The final assembly at school before the Thanksgiving Holiday had concluded. As in previous years, we students put on a presentation about the Pilgrims and that first day they recognized for solemn Thanksgiving. And they had much for which to be thankful – mostly at the hands of their neighbors the Native Americans who had rescued them from likely starvation. This program, which our parents attended, always concluded with the following hymn:
It never occurred to me that Thanksgiving day had not been celebrated continuously since the Pilgrims arrived in 1620. I also was unaware that the Pilgrims when they had first arrived on these shores were primarily responsible for their own dire situation.
When they first arrived in the New World, the Pilgrims adopted a communal way of governance – “To each according to his needs.” Sadly, even five centuries ago, there were some who did the work and others who benefited from the labor of their fellows. It was only when the “communal land” was divided up and allocated to each family that the young colony began to prosper – as people took responsibility for themselves. That is a lesson that does not fit well into the present political, statist mindset. Nor does the fact that it is to a loving God that we are addressing ourselves with our songs of thankfulness.
Since George Washington first proclaimed his statement of thanksgiving and President Lincoln designated a day of National Thanksgiving as an official holiday, the fact that it was to a Divine provenance that we as a people were to offer our thanks was a clear and constant theme. That was recognized in our school program and no one whether Christian or Jew, agnostic or atheist seemed to object. At least I never heard from those who might have.
My family also recognized this in our small Thanksgiving ritual dinner by inviting those who had no families of their own to share our meal and be a part of our family. Before Dad would begin carving the turkey, he would express his gratitude for the blessings he had received and would invite everyone around the table to do the same if they chose to do so. Only when the last person had spoken would we begin to eat.
In my own way I tried to carry on some variation of this tradition. For many years a number of us from the church in Chicago where I was a parishioner would wake up early and by four o’clock in the morning we would be working to prepare a complete traditional Thanksgiving meal that we would would serve to almost two hundred homeless people at a local shelter. When the last person had been served her or his plate, we would sit down with them and join them for this special meal.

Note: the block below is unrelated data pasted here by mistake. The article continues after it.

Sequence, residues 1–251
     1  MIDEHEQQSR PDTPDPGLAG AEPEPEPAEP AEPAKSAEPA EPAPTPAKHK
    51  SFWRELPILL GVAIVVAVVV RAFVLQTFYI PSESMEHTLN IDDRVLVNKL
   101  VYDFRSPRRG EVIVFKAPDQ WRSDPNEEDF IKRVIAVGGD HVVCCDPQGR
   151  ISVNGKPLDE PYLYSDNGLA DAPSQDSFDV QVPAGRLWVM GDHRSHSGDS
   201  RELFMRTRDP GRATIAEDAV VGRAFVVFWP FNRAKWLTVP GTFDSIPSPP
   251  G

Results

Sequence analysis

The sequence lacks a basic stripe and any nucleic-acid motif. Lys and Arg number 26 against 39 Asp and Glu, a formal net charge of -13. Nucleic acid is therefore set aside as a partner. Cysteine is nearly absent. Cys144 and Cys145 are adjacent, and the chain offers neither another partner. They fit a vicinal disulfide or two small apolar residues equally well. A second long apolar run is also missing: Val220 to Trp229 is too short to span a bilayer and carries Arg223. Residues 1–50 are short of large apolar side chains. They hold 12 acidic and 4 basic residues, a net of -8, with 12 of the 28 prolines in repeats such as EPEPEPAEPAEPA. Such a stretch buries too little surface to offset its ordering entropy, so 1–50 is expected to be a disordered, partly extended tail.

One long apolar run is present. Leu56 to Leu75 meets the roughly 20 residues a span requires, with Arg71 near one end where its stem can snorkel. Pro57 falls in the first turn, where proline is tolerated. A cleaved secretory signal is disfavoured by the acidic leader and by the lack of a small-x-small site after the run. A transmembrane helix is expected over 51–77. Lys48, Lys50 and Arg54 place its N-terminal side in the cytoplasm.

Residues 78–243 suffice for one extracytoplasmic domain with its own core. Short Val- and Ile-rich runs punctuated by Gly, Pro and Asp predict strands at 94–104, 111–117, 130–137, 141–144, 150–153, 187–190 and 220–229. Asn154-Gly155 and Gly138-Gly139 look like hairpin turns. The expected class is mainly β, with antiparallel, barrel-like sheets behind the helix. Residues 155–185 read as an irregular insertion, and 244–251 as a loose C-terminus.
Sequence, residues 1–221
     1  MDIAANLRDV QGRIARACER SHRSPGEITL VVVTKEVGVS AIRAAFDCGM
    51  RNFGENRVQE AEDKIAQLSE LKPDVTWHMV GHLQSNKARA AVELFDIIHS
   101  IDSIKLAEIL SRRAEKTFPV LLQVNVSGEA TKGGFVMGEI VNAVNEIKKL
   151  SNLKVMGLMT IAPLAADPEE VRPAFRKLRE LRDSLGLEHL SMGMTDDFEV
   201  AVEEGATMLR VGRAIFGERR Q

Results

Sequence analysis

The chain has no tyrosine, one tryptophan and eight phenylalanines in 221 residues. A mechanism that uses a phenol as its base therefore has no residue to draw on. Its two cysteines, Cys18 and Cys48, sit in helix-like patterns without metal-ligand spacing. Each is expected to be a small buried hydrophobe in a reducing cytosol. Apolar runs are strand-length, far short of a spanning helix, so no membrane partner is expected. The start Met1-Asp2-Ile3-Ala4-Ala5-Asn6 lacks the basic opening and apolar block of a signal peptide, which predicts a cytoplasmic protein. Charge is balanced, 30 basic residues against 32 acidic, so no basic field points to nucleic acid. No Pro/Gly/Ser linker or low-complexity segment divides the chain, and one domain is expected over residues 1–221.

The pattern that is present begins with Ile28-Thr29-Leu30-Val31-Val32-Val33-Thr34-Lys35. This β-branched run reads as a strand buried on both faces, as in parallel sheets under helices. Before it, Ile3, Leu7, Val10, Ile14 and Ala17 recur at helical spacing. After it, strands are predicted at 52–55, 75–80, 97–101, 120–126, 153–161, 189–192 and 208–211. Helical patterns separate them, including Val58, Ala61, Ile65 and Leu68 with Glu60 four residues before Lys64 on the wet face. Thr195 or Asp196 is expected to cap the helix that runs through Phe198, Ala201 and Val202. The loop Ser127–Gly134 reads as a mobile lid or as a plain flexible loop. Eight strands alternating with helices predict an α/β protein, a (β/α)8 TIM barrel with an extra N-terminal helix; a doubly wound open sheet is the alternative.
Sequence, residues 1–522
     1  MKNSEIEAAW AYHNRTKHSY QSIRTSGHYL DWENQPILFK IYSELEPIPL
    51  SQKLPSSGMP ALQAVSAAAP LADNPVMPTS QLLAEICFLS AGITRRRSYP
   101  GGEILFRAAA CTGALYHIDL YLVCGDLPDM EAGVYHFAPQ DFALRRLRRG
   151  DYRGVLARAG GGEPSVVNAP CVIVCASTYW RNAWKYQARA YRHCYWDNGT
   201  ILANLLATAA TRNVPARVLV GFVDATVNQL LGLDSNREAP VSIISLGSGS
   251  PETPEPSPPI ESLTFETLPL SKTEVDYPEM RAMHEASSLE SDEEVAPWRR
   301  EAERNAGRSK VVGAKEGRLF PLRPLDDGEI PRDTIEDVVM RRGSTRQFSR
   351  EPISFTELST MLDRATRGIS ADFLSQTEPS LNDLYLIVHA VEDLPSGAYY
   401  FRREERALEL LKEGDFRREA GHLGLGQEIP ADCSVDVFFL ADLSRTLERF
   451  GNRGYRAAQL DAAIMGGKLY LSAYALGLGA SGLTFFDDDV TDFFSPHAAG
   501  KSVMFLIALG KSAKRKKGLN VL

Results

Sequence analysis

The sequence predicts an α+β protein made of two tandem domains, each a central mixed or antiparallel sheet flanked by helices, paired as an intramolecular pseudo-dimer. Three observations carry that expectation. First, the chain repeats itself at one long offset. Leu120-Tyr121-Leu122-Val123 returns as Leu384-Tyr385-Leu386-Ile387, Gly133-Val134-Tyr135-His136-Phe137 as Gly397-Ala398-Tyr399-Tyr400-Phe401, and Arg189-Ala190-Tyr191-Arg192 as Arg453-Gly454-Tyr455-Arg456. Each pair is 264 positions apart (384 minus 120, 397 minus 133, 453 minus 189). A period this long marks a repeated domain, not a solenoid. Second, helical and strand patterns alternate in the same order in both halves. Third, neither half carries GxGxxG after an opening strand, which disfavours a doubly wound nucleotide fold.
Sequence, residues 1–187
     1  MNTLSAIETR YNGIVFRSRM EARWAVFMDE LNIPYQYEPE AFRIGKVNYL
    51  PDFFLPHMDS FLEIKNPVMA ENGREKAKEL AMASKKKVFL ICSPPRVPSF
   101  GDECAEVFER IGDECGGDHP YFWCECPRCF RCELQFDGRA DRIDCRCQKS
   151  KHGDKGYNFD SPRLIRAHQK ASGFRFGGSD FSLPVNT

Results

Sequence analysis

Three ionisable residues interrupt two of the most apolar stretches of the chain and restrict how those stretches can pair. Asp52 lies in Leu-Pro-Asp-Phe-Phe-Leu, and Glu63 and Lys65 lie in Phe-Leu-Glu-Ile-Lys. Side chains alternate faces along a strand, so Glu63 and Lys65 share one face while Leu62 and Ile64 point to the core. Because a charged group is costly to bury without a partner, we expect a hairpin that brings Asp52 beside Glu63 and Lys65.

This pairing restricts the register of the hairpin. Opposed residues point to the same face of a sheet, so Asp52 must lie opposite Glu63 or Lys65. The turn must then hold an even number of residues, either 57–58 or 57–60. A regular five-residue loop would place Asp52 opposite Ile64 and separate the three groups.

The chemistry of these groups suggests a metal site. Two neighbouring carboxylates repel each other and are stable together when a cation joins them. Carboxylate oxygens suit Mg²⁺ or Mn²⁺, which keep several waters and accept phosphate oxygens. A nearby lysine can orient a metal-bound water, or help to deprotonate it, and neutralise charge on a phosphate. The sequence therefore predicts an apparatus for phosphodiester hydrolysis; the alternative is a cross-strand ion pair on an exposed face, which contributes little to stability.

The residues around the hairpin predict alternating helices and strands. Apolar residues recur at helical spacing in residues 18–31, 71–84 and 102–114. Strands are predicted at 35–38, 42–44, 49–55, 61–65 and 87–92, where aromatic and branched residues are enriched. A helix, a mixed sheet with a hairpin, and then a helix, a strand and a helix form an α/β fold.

But it was a sad realization that while we had fed these people for one day, we had done very little to change their lives. And it was difficult to hold on to a sense of Thanksgiving as we looked out over this ragtag, unwashed group of people, many of whom were recovering from their evening sedative of cheap whiskey or bad wine.
If there were any sense of hope it came from the few who turned to us and with sad but grateful eyes said, “Thank you,” as they left to return to their cardboard shelters – insufficient protection against the biting, blowing cold winds. But in the back of our minds we knew the fate that they had chosen, willingly or not, and knew that there was a warm apartment and a comfortable bed waiting for each of us.
It seems to me that over the years we have done everything within our power to secularize, anesthetize and sterilize Thanksgiving. It might better be described as a “Day of Carbohydrates and Gluttony, enhanced by a thorough immersion in football and concluded with a bout of mindless midnight spending at the mall.” Although I would be remiss not to note that in their attempt to suck the lucre out of the consumer’s purses and wallets, stores are opening even earlier than usual.
Given our abandonment of principle and our attempt to turn the sacred into the profane, it does not surprise me that a group of atheists, unmindful of the basis on which America was founded, have selected the Friday following Thanksgiving to launch a billboard campaign, boasting their credo, “Good without God.” I should suggest that for the sake of consistency, they should have spelled God with a lower case “g.”
The great thing about living in America is that everyone is entitled to his opinion – and I am delighted that this atheist contingent have the ability to offer theirs. I take no offense at their ministrations. But, in the spirit of American fairness, I do expect the same courtesy that they receive from me and others who have a religious mindset when it comes to expressing ourselves and our beliefs.
Now if that were to come to pass, that would truly be a reason for Thanksgiving.